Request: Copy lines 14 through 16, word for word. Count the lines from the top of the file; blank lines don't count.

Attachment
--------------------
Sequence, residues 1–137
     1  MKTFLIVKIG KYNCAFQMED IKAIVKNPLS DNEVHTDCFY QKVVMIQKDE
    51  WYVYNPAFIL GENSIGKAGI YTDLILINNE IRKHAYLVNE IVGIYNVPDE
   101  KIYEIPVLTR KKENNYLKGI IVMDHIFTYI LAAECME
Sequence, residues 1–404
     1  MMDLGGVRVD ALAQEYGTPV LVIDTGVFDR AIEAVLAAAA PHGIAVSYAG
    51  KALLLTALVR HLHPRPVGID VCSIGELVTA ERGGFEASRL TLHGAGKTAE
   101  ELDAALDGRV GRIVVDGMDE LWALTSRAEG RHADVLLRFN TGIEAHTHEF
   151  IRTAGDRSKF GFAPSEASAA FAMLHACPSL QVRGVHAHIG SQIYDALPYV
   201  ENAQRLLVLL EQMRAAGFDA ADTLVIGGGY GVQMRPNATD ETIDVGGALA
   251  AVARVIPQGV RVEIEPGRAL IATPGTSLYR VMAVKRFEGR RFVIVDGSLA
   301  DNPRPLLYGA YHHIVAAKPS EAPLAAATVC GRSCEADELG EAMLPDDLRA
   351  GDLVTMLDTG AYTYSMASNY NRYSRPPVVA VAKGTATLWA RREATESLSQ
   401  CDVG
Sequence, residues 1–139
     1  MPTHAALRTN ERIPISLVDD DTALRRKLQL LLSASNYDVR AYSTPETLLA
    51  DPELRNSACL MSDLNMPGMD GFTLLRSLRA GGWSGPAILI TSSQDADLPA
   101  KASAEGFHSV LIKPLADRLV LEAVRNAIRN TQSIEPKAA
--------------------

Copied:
   401  CDVG
Sequence, residues 1–139
     1  MPTHAALRTN ERIPISLVDD DTALRRKLQL LLSASNYDVR AYSTPETLLA